exiftool / reading WMV meta information
I found a really nice package on CPAN called Image::ExifTool and I was
wondering if their is some clean way of calling Perl code from Ruby? I
couldn't find anything on rubyforge that did as good a job as this did.
The other option is a port, but I am concerned about keeping a 60k line
perl module in sync with a ruby version. Does anyone have any advice
for porting/maintaining an active project in a different language?
Posted via http://www.ruby-forum.com/.
Re: exiftool / reading WMV meta information
quoth the Eric Kolve:
> I found a really nice package on CPAN called Image::ExifTool and I was
> wondering if their is some clean way of calling Perl code from Ruby? I
> couldn't find anything on rubyforge that did as good a job as this did.
Is the only way I can think of, but I don't suppose that meats your definit=
> The other option is a port, but I am concerned about keeping a 60k line
> perl module in sync with a ruby version. Does anyone have any advice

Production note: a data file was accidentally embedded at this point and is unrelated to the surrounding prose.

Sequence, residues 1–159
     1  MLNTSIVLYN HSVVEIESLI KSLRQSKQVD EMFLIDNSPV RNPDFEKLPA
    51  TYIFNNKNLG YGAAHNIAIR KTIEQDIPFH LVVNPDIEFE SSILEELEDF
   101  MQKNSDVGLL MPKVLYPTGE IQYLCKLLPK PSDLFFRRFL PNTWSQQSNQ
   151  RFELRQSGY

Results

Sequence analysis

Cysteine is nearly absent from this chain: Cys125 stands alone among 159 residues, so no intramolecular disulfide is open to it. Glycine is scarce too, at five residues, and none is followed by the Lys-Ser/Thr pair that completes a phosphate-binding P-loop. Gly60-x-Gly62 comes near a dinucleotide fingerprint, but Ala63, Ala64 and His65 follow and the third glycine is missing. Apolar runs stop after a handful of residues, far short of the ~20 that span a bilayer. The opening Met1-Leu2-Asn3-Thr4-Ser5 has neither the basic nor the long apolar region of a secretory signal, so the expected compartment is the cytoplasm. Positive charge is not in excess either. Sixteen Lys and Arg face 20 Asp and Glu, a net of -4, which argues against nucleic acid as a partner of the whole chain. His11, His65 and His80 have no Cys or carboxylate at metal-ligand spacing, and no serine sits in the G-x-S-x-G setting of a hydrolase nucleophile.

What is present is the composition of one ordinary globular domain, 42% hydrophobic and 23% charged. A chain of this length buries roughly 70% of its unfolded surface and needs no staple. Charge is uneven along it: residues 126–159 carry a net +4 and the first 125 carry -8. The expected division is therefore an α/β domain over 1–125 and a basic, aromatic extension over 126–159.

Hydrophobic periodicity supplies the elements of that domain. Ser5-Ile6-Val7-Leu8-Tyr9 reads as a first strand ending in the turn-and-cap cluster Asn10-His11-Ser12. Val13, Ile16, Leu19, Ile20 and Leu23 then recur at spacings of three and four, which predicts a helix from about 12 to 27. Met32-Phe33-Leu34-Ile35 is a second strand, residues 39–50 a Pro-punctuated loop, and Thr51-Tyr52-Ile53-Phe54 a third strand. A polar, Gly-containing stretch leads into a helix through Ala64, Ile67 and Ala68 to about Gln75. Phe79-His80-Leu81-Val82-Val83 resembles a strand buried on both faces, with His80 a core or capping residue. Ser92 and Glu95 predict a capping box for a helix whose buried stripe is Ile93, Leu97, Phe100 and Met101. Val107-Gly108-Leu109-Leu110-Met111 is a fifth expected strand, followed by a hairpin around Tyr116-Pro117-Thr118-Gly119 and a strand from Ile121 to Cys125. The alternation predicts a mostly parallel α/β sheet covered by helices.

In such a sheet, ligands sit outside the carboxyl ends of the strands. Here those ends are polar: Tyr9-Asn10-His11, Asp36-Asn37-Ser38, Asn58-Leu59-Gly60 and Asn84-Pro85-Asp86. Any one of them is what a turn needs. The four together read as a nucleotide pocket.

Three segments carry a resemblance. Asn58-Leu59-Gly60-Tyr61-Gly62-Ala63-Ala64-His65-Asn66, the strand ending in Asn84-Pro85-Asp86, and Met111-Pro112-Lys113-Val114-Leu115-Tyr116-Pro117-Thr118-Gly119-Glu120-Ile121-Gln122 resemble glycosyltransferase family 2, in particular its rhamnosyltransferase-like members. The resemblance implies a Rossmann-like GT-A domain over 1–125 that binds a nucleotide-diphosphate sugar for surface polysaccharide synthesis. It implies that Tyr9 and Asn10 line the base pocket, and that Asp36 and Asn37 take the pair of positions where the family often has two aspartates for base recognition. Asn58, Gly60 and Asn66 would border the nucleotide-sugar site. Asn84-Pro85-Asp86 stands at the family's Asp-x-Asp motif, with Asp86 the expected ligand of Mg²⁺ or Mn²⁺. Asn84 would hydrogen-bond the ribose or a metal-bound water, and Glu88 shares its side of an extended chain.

> for porting/maintaining an active project in a different language?
I ported a Perl lib to Ruby. It was not nearly ~60000 lines, more like ~800=
I was actually trying to implement a spec, and was struggling with that, th=
I found the Perl library that implements the spec. To tell the truth, from=
the beginning I was not that interested in cloning the Perl lib at all, I=20
just used it as a starting point.
I do not expect I will try to keep my lib in sync with the original Perl on=
in the slightest. It already carries the functionality I originally require=
so at this point I will just plug away and add any new functionality as I=20
find the time and motivation.
So: I don't think you should necessarily resign yourself to keeping your po=
strictly 'in sync' with the original. Just follow it to keep abreast of=20
changes in exif format and whatnot. Otherwise, use the Perl code as a=20
starting point like myself, then make it your own. If the code is=20
useful/helpful enough, and you place it in rubyforge you may find yourself=
getting some help from the community.=20
darren kirby :: Part of the problem since 1976 :: http://badcomputer.org
"...the number of UNIX installations has grown to 10, with more expected..."
=2D Dennis Ritchie and Ken Thompson, June 1972
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